Consult the Experts

This article first appeared in Personal Wealth, The Edge Malaysia Weekly, on March 23, 2020 - March 29, 2020.
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Question: I am a 28-year-old professional with a corporate job and a monthly salary of about RM5,000. As part of the recent fiscal stimulus package, the government announced that employees would be able reduce their Employees Provident Fund (EPF) contributions to 7% from 11% previously, from April to the end of the year. I am considering lowering my contributions and using the money to invest.

That is because last month, EPF declared a dividend of 5.45% for Simpanan Konvensional and 5% for Simpanan Shariah, the lowest since 2008. Its CEO expects more volatility ahead and commented that “domestic markets did not support the income-generating capabilities of EPF as 70% of the fund’s assets are in Malaysia, with a major part of our assets in domestic equities”, according to reports.

In view of this, would it make more sense for me to use the money to invest in foreign assets, seeing as the domestic markets are unlikely to get better this year?

> Wong

 

Answer: Benjamin Graham, the great investment analyst and mentor of Warren Buffett, said: “The best way to measure your investing success is not by whether you are beating the market, but by whether you have put in place a financial plan and a behavioural discipline that are likely to get you where you want to go.”

Table 1 shows the additional amount available to you to invest in other funds if you opt to reduce your EPF contribution rate to 7% from April to December. However, before you decide where and how to invest this RM1,800, I would encourage you to take the following questions into consideration. 

Do you have your short-term, medium-term and long-term financial goals identified and the road map to each goal drawn out? Have you identified your risk profile, required rate of return and investment duration for each goal? Which financial goal will this sum of money fit into? And last but not least, what are the attitudes, behaviours and habits you need to cultivate to achieve these goals? 

Let’s assume this RM1,800 is set aside for your retirement and you will retire 37 years from now at age 65. Table 2 shows how much this RM1,800 will be valued under the following scenarios:

a) EPF continues to generate an average return of 5.45% (according to the dividend rate declared for Simpanan Konvensional in 2019) for the next 37 years.

b) Investment portfolio has an average return of 8% annually over the next 37 years. 

If you find the additional amount accumulated under scenario B meaningful, then you should reduce your EPF contribution rate for the next nine months and invest the RM1,800. But from my experience helping clients plan their retirement fund, the additional amount obtained in scenario B will hardly be significant to them with regards to the absolute amount they will need for retirement. Furthermore, with that extra cash in their bank accounts every month, it is highly likely that they will have spent it by the time they identify a suitable investment method for this amount of money.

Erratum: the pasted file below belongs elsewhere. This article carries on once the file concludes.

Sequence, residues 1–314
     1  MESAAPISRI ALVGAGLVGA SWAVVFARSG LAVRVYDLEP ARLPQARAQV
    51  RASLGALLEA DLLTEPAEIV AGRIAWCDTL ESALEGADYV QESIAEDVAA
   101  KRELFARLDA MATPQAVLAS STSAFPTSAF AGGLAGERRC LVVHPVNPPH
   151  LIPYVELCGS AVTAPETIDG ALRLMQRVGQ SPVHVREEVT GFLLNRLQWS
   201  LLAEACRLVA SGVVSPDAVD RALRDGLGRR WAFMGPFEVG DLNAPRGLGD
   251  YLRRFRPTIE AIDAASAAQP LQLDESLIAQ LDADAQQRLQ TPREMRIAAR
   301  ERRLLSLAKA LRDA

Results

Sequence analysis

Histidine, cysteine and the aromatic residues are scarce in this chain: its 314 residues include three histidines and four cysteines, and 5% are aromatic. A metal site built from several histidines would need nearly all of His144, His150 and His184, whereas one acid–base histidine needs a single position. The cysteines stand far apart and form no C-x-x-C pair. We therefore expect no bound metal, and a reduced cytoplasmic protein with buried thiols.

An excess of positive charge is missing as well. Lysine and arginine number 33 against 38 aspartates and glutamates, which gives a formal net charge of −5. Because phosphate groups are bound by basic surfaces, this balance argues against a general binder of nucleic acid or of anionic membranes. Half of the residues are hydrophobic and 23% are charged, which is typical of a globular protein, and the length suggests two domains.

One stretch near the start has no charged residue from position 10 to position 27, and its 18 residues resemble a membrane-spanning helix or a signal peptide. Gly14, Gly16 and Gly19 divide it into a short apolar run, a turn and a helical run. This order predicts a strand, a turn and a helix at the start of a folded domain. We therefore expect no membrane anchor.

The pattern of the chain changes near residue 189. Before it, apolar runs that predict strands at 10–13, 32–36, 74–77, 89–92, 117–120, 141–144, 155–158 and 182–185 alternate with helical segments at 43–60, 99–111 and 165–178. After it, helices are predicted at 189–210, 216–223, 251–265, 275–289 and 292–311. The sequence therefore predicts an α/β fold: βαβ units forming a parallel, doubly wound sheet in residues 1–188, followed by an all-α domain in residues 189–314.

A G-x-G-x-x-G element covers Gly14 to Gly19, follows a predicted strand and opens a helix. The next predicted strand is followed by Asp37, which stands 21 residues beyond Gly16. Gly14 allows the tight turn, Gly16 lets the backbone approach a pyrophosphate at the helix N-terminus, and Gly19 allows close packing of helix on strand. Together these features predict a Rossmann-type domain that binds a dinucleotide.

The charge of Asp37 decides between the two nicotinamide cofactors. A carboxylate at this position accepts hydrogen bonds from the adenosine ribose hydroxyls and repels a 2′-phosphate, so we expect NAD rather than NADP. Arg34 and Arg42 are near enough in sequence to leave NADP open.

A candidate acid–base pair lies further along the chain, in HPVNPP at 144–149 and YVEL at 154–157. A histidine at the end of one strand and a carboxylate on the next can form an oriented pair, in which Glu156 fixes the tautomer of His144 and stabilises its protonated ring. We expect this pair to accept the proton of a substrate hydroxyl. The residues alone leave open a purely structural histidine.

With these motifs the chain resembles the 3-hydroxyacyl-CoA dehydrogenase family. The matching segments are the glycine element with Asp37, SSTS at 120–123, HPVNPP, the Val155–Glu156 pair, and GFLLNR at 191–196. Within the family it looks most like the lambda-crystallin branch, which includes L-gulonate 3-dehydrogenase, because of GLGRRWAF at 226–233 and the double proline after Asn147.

This is my advice to clients who have asked me the same question: invest eligible amounts from their Account 1 in EPF-approved unit trust funds through the self-service i-Invest platform provided by the i-Akaun portal. This method allows my clients to have foreign exposure in their retirement portfolios and also deters them from spending the extra cash. Furthermore, with the help of its independent auditor, EPF adds a layer of security by evaluating these unit trust funds and fund management companies annually.

To structure a diversified investment portfolio outside of Malaysia, there are different markets, industries, asset classes, instruments and investment strategies (if investment instruments are actively managed) that offer different risk versus reward trade-offs. 

If you retire at age 65, you have a 37-year investment horizon. Conventional wisdom tells us that a longer investment horizon allows us to take higher investment risk. So, a core portfolio heavily weighted in Asian equities, with exposure to developed markets and bonds, will generally suit your needs. If you are unsure, it is best to seek the advice of a professional to construct, monitor and review your investment portfolio.

To grow your retirement nest egg, you need to know how much you require for retirement and embark on a monthly savings plan to close the gap, in addition to investing a portion of your EPF Account 1 in foreign assets to potentially earn a higher rate of return. This method uses the dollar cost averaging concept to manage market volatility, which will benefit investors in the long term.


Have a personal finance query? Send it to: Consult the Experts, Personal Wealth, Level 3, Menara KLK, No 1, Jalan PJU7/6, Mutiara Damansara, 47810 Petaling Jaya, Selangor; Fax: (03) 7721 8018; email: [email protected], Attn: Consult the Experts. Please include your full name, address, contact number and pseudonym, if any.